I should be doing my morning yoga, but I left my telephone/timer downstairs, so I decided I would write to you instead. (I am trying to get into a routine of yoga every morning or every other morning; I’ve gotten from 5 minutes up to 15 minutes, and I NEED to do some this morning because yesterday morning was already the “other” morning.)
Well. Now that I’ve gotten that off my chest, I can post you three pictures – you can pretend they are the three cards that you picked when I read your Art Fortune. Or, if you don’t like these three, and you’re close enough and free enough to get to Foça this Wednesday or Friday afternoon, you can pick your own cards. It only takes about 5 minutes, it’s absolutely free (unless you want to buy me a beer or a coffee or support some other “worthy cause”), and best of all, we get to have a conversation.
Now, let’s pretend:
This card is “The Four Cauldrons”. It looks like you’re running from here to there, trying to carry something forward while negotiating with others who are also trying to do the same. But as you can see, there’s not much room to negotiate in.
This card is “Travel”. In fact, part of you would rather just take off with your hubby to some Mediterranean shore (Oh, wait: You live on one!)
What the future appears to hold is this card, “Balance”.
(Unfortunately, it was really me who picked the cards, and it is very hard to interpret your own fortune. Maybe you can help me out…)
So, I do remember reading in Howard Becker’s “Art Worlds” how unlike musicians, visual artists don’t have the same luxury of immediate feedback for their work. For example, we don’t perform our work and get applause (or whinging) every three minutes like rock and roll bands. Less frequently, and less immediately, we may have our work written about by critics or sold in galleries, which may give us some measure of our level of success in a particular “artworld”; however, the reviews may just reflect how successfully we conform to certain time-bound expectations regarding what art is supposed to be, and the sales may be more a reflection of the current state of stock-market or interest-rate returns than of any emotional or intellectual connection with “the work itself”.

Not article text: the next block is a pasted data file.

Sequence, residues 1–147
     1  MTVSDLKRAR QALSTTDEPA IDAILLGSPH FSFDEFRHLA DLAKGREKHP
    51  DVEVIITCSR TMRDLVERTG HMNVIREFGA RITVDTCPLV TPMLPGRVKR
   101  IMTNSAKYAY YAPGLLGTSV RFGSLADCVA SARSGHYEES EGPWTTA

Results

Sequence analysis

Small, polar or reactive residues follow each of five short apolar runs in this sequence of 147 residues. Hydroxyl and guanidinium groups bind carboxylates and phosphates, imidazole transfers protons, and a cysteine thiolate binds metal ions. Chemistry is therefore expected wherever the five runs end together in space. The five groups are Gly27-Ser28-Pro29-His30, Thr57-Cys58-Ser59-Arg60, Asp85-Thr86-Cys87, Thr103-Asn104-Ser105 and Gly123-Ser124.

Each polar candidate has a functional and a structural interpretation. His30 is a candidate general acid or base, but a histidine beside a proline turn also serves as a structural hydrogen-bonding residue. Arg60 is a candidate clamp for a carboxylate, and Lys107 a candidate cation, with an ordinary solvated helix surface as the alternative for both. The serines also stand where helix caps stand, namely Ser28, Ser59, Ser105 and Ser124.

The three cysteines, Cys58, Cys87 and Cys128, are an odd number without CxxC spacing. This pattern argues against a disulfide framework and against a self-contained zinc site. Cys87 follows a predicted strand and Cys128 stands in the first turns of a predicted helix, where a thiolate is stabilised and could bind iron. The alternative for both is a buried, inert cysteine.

One nice thing about my “women” – i.e., the “try-me-on statues” that I made for my installation “Have Your Photograph Taken as an Ottoman Princess”, which were then recycled into the installation “8 Cases”, and which are currently hanging about various locations around Foça and its environs – is that I have had opportunities for obtaining immediate feedback by watching people interact with these figures in one way or another.
Not that there always is any interaction. I have seen people walk right past “the women” without even noticing they are there – which is kind of sad, because they are life-size figures, placed in the immediate field of vision of pedestrians, so not even noticing them is like not even noticing other “real” people out on the street with you – and that to me is really sad.
Noticing, however, is not exactly interacting, and there are quite a lot of people who look up or turn their head towards one of “the women”, only to immediately look back down or turn their head away – much as you might do after accidentally making eye contact with a stranger walking towards you from the opposite direction.
Then there are the people who couldn’t wait to “play pretend”; they went running up behind a figure to stick their own face into the appropriate empty space and have their friends click away – taking a “selfie” was kind of out of the question (although the thought itself raises interesting philosophical questions about identity…) – without even noticing the text in the back.
Oh, did I mention there’s text on the back of each of the figures? In fact, I have the dilemma of explaining this, so you understand the installation, or not explaining it, so as not to ruin the experience. I guess this is where I need to say “Spoiler Alert”.
Each figure represents a case in which a woman was murdered by her husband, who was tried and sentenced for his crime, only to have a judge reduce the sentence on the grounds of “unjust provocation”. (This is supposed to mean someone who is “provoked into a crime due to an unjust act”, and an example of this might be a woman who kills her husband who is beating her for the umpteenth time – rather than, for example, a man who kills his wife because she “swore at and cheated on him” – which is along the lines of the types of “provocation” considered in the “Eight Cases” described in my installation.)
Now, it has been suggested that it might be more effective to put the text on the front rather than the back of the figures, and it has been noted that most people who have their photo taken are doing it because it is fun: Well, more power to them! It is definitely fun to try on a different identity from time to time.